Monday, October 27, 2014

More Medevac from the Hot Zone

An Air Force C-17.  The Pentagon plans to acquire airborne isolation chambers which can be loaded onto the transport and airlift up to a dozen troops or aid workers infected with Ebola, to treatment facilities around the world.  (USAF photo via Army Times) 

***UPDATE//28 October//Fox News has obtained a draft State Department memo outlining plans for bringing non-citizens to the U.S. for Ebola treatment--a document the government has tried to disavow. This revelation raises new questions about the actual purpose for those military isolation pods, and who will be evacuated from affected areas.

When the Obama Administration announced plans to send troops to West Africa to battle the Ebola crises, we were told that military personnel would face minimal risks.  They wouldn't be treating actual patients we were assured; instead, the mission would focus on building new treatment centers, training local health care workers and handling related tasks, including logistics and security.

So, if the chances of contracting the deadly disease are low, why is the Pentagon developing its own, portable isolation units that can be loaded into military transports, and remove more infected individuals from the hot zone?

From USA Today, courtesy of Drudge:

As more U.S. troops head to West Africa, the Pentagon is developing portable isolation units that can carry up to 12 Ebola patients for transport on military planes

The Pentagon says it does not expect it will need the units for 3,000 U.S. troops heading to the region to combat the virus because military personnel will not be treating Ebola patients directly. Instead, the troops are focusing on building clinics, training personnel and testing patient blood samples for Ebola.

"We want to be prepared to care for the people we do have there just out of an abundance of caution," Defense Department spokeswoman Jennifer Elzea said.


The Pentagon's transportation system will allow the Air Force to use C-17 or C-130 transport planes to carry up to eight patients on stretchers or 12 patients who are able to walk, said Charles Bass, a Defense Department chemical engineer working on the project.

Elzea said the cost of the units couldn't be provided as the final contract for the project is still under negotiation.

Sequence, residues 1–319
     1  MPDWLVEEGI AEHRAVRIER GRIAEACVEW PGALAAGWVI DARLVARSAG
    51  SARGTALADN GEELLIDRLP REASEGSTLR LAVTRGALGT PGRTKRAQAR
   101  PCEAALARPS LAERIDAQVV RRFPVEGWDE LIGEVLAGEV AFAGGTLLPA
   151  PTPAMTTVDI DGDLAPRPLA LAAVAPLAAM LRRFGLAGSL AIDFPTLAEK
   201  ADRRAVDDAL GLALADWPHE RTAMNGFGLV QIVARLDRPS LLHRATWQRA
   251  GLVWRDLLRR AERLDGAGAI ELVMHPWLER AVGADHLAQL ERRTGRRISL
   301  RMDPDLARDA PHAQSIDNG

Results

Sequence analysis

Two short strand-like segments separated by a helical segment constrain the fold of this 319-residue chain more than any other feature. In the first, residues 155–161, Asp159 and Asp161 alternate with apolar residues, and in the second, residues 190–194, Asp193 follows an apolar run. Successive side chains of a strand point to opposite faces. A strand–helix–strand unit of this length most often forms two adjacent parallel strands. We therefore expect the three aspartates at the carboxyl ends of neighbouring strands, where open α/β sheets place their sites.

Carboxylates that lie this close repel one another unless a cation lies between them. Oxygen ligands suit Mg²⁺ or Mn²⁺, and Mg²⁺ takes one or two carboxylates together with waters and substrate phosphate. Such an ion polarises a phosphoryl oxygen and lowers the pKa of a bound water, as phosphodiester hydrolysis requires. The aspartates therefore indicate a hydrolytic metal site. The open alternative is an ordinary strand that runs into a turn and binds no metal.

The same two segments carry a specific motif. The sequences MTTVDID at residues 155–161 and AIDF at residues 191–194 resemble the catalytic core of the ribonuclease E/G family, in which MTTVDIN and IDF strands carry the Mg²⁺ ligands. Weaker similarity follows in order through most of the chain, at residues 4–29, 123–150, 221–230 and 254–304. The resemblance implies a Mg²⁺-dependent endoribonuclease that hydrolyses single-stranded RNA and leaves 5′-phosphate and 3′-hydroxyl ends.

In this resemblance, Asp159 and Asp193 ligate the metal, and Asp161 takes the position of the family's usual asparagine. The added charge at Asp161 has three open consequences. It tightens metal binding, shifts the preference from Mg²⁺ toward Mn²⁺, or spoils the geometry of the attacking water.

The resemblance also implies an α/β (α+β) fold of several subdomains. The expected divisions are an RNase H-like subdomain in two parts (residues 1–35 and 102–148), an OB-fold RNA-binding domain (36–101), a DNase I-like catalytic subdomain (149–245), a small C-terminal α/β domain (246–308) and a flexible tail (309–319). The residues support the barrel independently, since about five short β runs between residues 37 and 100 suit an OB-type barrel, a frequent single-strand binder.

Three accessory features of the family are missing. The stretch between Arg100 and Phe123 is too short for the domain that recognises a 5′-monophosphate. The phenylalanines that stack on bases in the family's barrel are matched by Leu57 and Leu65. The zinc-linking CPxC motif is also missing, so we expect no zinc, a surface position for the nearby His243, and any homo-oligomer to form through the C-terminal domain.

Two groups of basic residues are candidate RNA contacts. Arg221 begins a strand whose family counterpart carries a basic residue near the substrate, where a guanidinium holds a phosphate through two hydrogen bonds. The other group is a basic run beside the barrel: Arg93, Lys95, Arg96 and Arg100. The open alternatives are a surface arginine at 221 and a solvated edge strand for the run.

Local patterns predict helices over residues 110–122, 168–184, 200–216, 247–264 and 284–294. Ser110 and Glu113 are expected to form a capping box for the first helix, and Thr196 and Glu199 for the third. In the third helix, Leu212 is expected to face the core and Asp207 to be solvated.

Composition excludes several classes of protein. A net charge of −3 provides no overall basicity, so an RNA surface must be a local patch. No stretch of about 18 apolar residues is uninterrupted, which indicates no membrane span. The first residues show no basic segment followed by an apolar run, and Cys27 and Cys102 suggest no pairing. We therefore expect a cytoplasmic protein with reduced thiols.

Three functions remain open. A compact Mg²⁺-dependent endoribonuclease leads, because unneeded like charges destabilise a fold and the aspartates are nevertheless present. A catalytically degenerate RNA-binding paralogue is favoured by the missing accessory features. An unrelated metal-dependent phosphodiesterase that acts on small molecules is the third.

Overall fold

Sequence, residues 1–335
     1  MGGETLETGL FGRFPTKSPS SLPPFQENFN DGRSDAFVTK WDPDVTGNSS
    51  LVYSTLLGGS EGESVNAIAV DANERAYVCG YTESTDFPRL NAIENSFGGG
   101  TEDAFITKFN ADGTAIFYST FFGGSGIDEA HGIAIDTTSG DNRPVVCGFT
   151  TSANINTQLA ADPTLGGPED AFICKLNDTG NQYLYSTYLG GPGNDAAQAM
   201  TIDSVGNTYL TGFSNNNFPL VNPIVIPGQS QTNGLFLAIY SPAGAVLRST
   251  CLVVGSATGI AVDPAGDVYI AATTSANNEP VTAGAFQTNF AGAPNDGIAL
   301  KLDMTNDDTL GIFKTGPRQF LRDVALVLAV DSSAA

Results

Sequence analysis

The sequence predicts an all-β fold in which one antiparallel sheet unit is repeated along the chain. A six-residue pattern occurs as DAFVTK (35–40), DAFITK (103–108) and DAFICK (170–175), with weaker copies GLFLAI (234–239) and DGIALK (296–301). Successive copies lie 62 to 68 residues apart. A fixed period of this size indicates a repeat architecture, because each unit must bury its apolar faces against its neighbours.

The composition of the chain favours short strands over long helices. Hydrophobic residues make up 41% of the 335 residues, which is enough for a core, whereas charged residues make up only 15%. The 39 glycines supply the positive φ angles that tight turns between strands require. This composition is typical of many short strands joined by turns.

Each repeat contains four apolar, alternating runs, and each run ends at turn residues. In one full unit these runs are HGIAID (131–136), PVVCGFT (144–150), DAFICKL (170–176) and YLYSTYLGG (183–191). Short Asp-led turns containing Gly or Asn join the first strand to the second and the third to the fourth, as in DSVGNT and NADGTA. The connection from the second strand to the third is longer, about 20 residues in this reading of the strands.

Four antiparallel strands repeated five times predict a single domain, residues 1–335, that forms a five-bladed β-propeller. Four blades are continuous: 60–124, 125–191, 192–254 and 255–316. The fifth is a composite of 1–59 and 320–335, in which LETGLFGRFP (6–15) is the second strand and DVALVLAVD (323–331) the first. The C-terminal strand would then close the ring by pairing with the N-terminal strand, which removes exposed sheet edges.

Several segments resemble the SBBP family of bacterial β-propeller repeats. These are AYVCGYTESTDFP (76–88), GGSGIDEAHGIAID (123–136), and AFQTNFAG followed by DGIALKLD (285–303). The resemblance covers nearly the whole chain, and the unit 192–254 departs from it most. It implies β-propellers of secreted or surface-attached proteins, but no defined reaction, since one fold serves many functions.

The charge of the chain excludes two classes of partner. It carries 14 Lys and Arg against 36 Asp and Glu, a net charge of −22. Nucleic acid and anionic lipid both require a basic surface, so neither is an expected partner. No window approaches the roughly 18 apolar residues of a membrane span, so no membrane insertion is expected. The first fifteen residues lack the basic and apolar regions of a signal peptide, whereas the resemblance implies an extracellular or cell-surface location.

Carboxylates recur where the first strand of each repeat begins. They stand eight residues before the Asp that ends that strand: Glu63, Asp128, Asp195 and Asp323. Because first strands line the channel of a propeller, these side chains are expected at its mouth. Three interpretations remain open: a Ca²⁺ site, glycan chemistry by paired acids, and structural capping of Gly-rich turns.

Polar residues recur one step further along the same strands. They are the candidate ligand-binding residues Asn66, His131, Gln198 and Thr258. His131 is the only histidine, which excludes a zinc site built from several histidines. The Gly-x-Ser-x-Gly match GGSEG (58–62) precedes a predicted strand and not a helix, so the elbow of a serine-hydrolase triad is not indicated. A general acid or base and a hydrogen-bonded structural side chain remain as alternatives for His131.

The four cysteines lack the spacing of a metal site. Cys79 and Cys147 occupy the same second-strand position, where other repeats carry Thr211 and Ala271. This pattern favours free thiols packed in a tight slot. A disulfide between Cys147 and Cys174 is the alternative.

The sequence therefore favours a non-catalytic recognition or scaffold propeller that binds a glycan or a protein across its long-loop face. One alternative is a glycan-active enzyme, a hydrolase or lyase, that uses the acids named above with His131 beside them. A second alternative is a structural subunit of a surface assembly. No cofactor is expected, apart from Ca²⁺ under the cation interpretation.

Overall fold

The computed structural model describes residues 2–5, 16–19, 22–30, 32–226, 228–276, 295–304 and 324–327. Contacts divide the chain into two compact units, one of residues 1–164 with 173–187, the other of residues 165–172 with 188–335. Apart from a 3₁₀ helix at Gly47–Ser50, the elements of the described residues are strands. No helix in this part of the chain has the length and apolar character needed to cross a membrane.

Bass, a former Army officer, said the units are key to providing peace of mind to U.S. troops in Africa.
"It's important when you're on deployment that you feel that someone has your back," he said. "(It) adds confidence to the people who are deployed."

Recent evacuation flights of western aid workers and journalists with Ebola have been conducted by Phoenix Air, a private firm that has the only medically-approved means of air transport for patients with the deadly disease.  The company charges $200,000 for each flight, and has conducted a dozen Ebola medevac missions since July, flying westerners from Africa to treatment centers in the U.S. and Europe.  

Why not stick with Phoenix Air?  After all, the risk for deployed personnel is said to below, and the Cartersville, Georgia firm has obvious expertise in the dangerous mission--and a long-standing relationship with DoD.  Among other services, Phoenix Air provides range surveillance, electronic attack and radar/communications jamming to the U.S. Navy and other military clients.  The Pentagon can certainly afford the price tag, and the potential evacuation of military personnel is already covered under an existing contract between the aviation firm and the U.S. State Department.  

Apparently, the Defense Department wants the capability to transport more patients on each flight--if necessary.  The isolation chamber on Phoenix Air's specially-equipped business jet can handle only a single individual, under the care of a doctor and two nurses wearing full protective gear.  As reported by USA Today, chambers that will be fitted into a C-130 or C-17 can accommodate up to 12 ambulatory patients, or eight on stretchers.  

This much is certain: the military option won't save the government any money.  At an estimated operating cost of $23,000 per flying hour, a round-trip C-17 flight between the east coast and West Africa will run the taxpayers $414,000--and that doesn't include the cost of the isolation chamber, or the medical crew required for the mission.